You can’t say we didn’t see this coming. For over two months, we’ve watched as this mysterious Coronavirus has spread across, China, Italy, all of Europe and now North Texas. Given the situation, our Tarrant county family courts aren’t giving into fear, rather they are making a reasoned decision to “flatten the curve” as the virus spreads to avoid accelerating its spread to unmanageable proportions. If the rate of infection were to soar, there is a real concern our healthcare system would be unable to meet the needs of all affected.
In short, the strategy now is short-term pain for long-term gain.
Existing Court Hearings are Postponed
Accordingly, all Tarrant county family courts are cancelling all dockets through April 1, 2020. Put another way, if you currently have a hearing scheduled in family court, that hearing will be postponed to a later date. This includes hearings for temporary orders and final trials. Your lawyer will work with court staff to reschedule your hearing, but you’ll need some patience as it may take two to three months for court dockets to return to normal.
Emergency Relief is Still Available in Family Court
Tarrant county family courts remain available to enter emergency orders. Sometimes, though, it’s hard to tell exactly what rises to the level of an “emergency.” Consider this your guide to “self-diagnose” your situation. If you still have questions, connect with us to learn more.
Child Protective Services (CPS) is your first call if you believe there is an immediate danger to the physical health or safety of the child. The CPS hotline number is (800) 252-5400 or you may call 911. CPS has the legal power to immediately, and without a court order, to remove a child from a dangerous environment. What happens to a child once removed from the home by CPS gets complicated, but at least you can be sure the child is safe pending further action.
Temporary Restraining Orders Requesting Extraordinary Relief are still available during the (COVID – 19) shutdown. If you are related to the child such as a non-primary parent, grandparent, adult sibling, aunt or uncle, you may be still able to obtain an emergency order for possession of a child or an order restricting a parent from having access to the child, pending hearing.
Family courts are generally cautious about disrupting the status quo, so you’ll need to do things right. To get such an emergency order you and your lawyer will need to show the Court proof that the child’s current environment would significantly impair the child’s physical health or emotional development. Judges want to know the child’s current circumstances so be prepared to give detailed information including dates, times and personal observations.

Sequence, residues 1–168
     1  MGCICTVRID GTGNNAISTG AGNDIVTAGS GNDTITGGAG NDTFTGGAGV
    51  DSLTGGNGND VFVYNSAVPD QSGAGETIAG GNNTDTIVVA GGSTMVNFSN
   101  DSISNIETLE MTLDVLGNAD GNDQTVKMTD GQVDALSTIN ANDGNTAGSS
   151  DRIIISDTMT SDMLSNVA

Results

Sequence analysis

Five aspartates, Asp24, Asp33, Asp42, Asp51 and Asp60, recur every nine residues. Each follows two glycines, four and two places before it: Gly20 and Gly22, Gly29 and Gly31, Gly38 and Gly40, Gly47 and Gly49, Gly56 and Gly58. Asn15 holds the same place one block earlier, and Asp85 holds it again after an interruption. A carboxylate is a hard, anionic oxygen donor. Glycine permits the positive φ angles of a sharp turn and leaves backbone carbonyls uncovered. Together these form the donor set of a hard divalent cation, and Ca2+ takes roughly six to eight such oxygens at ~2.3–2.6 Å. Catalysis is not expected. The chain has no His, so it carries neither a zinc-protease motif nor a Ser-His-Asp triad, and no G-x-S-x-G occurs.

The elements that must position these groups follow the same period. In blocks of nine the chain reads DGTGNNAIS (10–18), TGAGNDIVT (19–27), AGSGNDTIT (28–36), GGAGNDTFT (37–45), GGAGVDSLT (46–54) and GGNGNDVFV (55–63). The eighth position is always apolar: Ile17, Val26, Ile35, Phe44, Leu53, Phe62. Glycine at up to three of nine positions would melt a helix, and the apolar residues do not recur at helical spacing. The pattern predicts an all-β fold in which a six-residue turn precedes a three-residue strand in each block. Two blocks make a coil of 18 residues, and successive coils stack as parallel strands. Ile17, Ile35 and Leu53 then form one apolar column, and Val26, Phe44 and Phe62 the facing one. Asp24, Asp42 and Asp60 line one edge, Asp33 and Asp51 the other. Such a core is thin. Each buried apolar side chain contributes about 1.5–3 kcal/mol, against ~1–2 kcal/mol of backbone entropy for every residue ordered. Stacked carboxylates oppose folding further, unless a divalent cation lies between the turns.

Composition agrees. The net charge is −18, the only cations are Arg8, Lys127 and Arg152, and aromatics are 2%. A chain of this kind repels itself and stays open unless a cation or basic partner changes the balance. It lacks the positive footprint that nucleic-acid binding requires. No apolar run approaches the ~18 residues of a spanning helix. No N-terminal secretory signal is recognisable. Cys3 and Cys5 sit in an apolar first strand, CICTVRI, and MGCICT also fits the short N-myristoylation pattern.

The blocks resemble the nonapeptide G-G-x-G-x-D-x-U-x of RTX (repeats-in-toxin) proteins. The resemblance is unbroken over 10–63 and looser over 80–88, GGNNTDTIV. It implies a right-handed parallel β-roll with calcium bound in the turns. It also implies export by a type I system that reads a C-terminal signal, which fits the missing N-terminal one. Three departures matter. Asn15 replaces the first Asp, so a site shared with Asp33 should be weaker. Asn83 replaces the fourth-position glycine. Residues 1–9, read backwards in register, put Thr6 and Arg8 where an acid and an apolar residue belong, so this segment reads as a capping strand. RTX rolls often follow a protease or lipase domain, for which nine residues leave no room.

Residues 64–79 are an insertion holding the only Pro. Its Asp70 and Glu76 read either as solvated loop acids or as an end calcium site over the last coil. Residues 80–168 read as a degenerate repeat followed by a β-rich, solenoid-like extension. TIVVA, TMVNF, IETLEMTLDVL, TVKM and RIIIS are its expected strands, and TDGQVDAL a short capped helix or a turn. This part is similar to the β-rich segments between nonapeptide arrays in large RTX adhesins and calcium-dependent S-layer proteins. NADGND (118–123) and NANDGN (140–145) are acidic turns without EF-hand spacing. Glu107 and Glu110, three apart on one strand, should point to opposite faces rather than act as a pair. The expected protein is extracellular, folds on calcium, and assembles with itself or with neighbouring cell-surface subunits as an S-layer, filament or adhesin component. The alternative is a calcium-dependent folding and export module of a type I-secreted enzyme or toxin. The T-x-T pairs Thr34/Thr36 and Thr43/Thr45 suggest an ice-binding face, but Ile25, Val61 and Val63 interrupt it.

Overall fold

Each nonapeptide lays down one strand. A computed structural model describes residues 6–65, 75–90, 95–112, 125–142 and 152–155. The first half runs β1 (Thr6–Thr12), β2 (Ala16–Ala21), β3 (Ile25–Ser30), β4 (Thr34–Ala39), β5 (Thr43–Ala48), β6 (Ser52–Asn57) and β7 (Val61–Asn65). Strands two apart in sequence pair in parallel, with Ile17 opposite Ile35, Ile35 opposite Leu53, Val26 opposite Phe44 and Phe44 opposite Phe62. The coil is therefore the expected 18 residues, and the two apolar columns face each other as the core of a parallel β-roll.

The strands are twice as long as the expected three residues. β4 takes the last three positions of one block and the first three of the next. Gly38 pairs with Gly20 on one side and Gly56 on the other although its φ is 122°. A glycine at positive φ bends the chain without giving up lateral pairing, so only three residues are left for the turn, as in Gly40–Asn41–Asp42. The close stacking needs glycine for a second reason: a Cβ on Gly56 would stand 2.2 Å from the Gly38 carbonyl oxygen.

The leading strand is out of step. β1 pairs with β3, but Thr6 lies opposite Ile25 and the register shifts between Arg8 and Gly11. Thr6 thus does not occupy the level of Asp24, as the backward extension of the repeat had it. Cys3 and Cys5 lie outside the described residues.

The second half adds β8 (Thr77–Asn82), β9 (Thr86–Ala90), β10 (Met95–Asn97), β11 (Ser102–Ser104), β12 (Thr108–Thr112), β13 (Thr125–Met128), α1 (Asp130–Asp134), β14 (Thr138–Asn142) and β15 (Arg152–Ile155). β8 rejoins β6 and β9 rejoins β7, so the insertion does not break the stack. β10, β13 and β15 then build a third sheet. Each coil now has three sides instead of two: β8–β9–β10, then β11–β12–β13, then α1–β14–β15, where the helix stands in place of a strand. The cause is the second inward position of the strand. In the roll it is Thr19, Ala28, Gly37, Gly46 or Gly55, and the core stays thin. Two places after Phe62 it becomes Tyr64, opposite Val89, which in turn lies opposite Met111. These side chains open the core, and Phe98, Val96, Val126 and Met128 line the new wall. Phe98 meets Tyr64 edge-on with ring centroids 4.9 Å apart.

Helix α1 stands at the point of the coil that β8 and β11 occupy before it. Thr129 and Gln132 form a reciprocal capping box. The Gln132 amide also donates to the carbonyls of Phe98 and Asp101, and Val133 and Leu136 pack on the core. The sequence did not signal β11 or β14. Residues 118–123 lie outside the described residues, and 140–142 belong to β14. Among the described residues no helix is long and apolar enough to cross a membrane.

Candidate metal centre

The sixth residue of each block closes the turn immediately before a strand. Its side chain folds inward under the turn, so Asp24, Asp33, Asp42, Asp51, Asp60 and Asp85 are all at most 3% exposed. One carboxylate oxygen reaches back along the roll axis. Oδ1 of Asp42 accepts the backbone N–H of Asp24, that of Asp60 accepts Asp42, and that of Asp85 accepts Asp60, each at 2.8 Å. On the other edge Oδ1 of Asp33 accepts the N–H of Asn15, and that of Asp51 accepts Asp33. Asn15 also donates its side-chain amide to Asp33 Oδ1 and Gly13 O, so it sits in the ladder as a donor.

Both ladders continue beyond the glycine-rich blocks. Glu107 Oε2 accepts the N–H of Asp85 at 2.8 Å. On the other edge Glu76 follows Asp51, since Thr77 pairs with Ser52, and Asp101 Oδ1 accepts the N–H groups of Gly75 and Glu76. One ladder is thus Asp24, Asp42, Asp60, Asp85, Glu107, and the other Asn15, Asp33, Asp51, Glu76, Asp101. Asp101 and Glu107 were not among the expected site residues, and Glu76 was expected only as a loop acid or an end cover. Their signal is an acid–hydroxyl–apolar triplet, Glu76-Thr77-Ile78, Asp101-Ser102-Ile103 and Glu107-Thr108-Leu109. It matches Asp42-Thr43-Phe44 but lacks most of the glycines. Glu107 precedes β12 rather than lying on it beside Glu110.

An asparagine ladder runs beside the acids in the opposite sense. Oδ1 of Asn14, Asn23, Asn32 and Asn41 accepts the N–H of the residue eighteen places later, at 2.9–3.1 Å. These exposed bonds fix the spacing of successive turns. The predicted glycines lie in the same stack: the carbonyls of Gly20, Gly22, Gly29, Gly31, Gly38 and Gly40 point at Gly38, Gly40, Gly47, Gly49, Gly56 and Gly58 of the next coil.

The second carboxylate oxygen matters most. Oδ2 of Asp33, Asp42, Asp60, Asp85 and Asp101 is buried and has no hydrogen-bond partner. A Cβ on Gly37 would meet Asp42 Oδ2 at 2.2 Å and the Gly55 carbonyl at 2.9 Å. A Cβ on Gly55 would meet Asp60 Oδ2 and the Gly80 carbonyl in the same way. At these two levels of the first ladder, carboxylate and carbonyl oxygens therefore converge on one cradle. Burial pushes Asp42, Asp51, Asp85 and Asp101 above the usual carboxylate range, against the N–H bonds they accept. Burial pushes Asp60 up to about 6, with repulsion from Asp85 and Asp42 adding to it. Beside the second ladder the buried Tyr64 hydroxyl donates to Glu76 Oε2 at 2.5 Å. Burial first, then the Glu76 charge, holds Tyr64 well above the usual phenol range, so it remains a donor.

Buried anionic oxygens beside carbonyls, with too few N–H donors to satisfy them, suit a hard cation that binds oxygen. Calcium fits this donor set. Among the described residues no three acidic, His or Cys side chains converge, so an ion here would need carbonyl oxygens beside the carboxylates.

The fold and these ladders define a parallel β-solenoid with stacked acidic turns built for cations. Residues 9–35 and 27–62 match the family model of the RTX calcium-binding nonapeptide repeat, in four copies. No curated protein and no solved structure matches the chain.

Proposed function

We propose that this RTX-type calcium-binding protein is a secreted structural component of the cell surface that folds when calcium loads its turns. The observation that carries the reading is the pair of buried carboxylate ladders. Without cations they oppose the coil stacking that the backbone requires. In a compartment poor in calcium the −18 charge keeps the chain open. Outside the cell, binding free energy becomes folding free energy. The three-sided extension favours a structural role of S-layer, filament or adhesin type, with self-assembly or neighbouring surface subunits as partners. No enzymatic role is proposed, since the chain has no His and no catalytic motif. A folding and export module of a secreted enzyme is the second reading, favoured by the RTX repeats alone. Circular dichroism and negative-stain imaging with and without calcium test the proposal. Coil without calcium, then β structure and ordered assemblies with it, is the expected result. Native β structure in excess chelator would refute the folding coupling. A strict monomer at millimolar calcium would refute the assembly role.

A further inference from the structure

Family Violence Protective Orders are still available to keep you and your children safe. Such orders are a power shield to protect you from an abuser and can require the abuser to immediately leave your home and remain 500 feet away from your home, work, or the children’s school. Again, your first line of defense is to call 911. A police officer can issue an emergency protective order which may later be converted into a protective order lasting for years. When such an order is needed, a family law attorney can help you prepare your application for a protective order.
A Little Perspective
This, too, shall pass. It will pass more quickly and be less impactful if we discipline ourselves now, limited our contacts and daily activities. Thirty years in family law has taught me that all things family law will resume as before — I say this with resignation, not joy. In the meantime, take a run or a walk. Ride your bike. Use this time for good. And, knowing that the courthouse is basically closed, see if this isn’t a good time to establish a new line of communication with your child’s other parent, pull together, compromise, and flatten your own curve a little.
Gregory L. Housewirth is a Board-Certified Family Law Specialist practicing in Fort Worth, Texas. With 30 years’ family law law experience, Mr. Housewirth has represented hundreds of clients in divorce, custody, CPS, modification, and grandparent cases. In addition, Mr. Housewirth is a qualified family law mediator and a member of Collaborative Law Texas, a practice group dedicating to promoting collaborative divorce in Texas.